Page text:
A family of eight lost all of its belongings in a rural house fire west of McCool Junction on Saturday morning.
“Thankfully I woke up from all the popping and sounds coming from the garage, where the fire started,” said Chris Wize, who rented the rural home. “If I wouldn’t have woken up right then, I don’t know what would have happened.”
Wize said he got out of bed and saw the garage was on fire. He and his wife, Katie — along with their infant daughter — were able to exit the house.
“By the time we got out of the house, the fire was in the kitchen,” Wize said.
No one was injured, but all the family's belongings were lost. Firefighters remained on the scene for hours.
The Wizes have six children, but only an infant girl was home with the couple at the time of the fire.
“The other kids were staying elsewhere. I can’t imagine what it would have been like getting all the kids out of the house with the fire spreading that fast.”
The Wize family includes a 15-year-old boy, an 11-year-old boy and girl, a 9-year-old boy, a 6-year-old girl and an infant girl. Donations are being sought regarding clothes for the kids – which can be taken to 1733 N. Nebraska Ave. in York.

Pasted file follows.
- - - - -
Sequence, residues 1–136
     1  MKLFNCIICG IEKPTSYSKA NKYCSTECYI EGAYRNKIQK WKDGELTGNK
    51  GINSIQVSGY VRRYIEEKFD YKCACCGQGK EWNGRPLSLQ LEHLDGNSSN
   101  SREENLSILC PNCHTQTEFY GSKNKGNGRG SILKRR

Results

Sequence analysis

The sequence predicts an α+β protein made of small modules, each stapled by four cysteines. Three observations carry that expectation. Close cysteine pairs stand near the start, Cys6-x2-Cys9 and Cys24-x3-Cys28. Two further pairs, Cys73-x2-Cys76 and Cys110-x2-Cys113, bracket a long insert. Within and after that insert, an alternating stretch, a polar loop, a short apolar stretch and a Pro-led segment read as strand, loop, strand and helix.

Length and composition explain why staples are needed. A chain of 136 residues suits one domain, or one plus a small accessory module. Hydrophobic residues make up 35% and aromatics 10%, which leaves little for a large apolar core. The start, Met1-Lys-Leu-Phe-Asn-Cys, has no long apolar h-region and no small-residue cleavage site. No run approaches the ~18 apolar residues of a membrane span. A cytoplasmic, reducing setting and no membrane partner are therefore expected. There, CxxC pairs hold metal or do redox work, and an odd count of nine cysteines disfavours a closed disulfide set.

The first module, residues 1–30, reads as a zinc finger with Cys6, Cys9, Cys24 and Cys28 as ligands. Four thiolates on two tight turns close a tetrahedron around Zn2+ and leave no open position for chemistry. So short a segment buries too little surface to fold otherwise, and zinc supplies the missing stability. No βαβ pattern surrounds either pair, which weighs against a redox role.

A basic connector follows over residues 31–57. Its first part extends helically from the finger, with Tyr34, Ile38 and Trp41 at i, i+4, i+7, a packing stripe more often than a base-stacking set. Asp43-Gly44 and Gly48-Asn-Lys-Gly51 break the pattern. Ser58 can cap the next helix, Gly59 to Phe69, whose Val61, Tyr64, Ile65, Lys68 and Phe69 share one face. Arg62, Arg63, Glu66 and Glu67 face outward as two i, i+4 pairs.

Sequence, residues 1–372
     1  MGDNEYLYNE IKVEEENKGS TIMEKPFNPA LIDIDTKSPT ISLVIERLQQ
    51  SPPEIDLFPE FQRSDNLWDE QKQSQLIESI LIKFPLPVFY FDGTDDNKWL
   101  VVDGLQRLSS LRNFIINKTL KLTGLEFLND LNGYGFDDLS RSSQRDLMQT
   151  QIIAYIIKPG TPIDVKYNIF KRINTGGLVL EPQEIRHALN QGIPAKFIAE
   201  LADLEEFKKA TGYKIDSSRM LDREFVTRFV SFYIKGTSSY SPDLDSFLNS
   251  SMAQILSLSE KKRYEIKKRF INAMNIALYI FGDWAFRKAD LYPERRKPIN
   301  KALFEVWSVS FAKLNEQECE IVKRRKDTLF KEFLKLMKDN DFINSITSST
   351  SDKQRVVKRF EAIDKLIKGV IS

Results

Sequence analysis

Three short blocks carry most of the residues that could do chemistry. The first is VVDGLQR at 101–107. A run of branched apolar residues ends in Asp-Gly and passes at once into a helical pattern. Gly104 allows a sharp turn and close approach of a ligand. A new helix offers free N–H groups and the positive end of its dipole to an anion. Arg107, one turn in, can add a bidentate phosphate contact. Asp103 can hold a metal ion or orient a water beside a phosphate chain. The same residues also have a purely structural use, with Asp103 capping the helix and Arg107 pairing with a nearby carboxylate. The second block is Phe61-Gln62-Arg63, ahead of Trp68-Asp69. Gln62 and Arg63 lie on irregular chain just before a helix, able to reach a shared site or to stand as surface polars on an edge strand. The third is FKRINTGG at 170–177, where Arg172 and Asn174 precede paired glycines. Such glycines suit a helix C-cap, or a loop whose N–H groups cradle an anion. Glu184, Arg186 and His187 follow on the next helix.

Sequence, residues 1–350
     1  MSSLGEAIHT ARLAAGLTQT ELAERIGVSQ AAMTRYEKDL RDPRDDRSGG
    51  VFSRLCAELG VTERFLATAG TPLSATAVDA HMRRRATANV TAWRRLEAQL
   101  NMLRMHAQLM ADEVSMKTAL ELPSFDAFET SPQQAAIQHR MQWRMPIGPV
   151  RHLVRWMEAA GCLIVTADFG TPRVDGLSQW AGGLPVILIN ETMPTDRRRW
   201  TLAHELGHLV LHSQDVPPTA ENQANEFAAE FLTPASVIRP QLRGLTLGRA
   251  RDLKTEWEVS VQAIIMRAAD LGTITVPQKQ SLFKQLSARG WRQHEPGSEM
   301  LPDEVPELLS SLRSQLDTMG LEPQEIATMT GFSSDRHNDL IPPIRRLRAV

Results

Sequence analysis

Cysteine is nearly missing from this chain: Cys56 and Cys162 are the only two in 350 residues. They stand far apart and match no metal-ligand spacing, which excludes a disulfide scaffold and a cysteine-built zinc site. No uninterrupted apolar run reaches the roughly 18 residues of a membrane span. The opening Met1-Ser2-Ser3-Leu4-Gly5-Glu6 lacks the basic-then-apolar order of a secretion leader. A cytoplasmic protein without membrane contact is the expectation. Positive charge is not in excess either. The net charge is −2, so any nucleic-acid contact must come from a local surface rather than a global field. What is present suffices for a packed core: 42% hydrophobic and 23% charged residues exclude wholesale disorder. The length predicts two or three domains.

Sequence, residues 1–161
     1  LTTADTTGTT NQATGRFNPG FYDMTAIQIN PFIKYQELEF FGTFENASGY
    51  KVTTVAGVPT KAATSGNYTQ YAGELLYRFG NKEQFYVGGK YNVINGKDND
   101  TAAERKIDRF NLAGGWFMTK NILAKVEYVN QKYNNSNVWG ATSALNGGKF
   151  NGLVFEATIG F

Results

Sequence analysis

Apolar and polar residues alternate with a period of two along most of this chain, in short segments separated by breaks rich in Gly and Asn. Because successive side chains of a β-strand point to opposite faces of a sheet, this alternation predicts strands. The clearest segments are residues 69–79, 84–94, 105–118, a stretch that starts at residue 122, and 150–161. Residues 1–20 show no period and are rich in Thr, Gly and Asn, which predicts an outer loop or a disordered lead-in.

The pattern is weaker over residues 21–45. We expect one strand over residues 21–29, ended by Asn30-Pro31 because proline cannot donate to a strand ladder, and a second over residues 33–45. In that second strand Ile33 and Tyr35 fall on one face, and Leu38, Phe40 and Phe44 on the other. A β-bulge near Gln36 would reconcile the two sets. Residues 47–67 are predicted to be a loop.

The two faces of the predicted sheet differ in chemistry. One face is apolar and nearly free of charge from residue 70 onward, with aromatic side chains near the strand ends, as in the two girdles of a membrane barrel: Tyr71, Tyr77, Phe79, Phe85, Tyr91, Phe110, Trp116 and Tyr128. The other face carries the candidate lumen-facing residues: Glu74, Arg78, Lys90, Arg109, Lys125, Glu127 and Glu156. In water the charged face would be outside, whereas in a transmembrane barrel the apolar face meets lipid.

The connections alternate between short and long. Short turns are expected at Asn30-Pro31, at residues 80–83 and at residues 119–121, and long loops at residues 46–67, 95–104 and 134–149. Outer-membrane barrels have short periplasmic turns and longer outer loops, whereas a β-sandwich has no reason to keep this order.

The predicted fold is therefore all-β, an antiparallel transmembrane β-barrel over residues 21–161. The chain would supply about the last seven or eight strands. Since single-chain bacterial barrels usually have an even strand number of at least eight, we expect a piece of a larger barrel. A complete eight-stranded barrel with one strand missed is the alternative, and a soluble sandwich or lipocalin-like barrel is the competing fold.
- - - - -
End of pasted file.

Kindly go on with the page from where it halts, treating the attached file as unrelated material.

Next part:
Wize, who is the wastewater director for York, said they are staying in a hotel in York and “just trying to figure out where we go from here. We lost everything but we are all OK, which is what matters.”
He said a fire investigator told him the fire likely started because of a power strip malfunction in the garage.
“Structural-wise and damage-wise, there’s no going back,” Wize said. “But again, we are OK and we will figure out where we go from here.”
The fund, which helps low-income homeowners pay for things like past-due mortgage payments and delinquent real estate taxes, is increasing its aid cap and offering assistance with past-due utilities payments.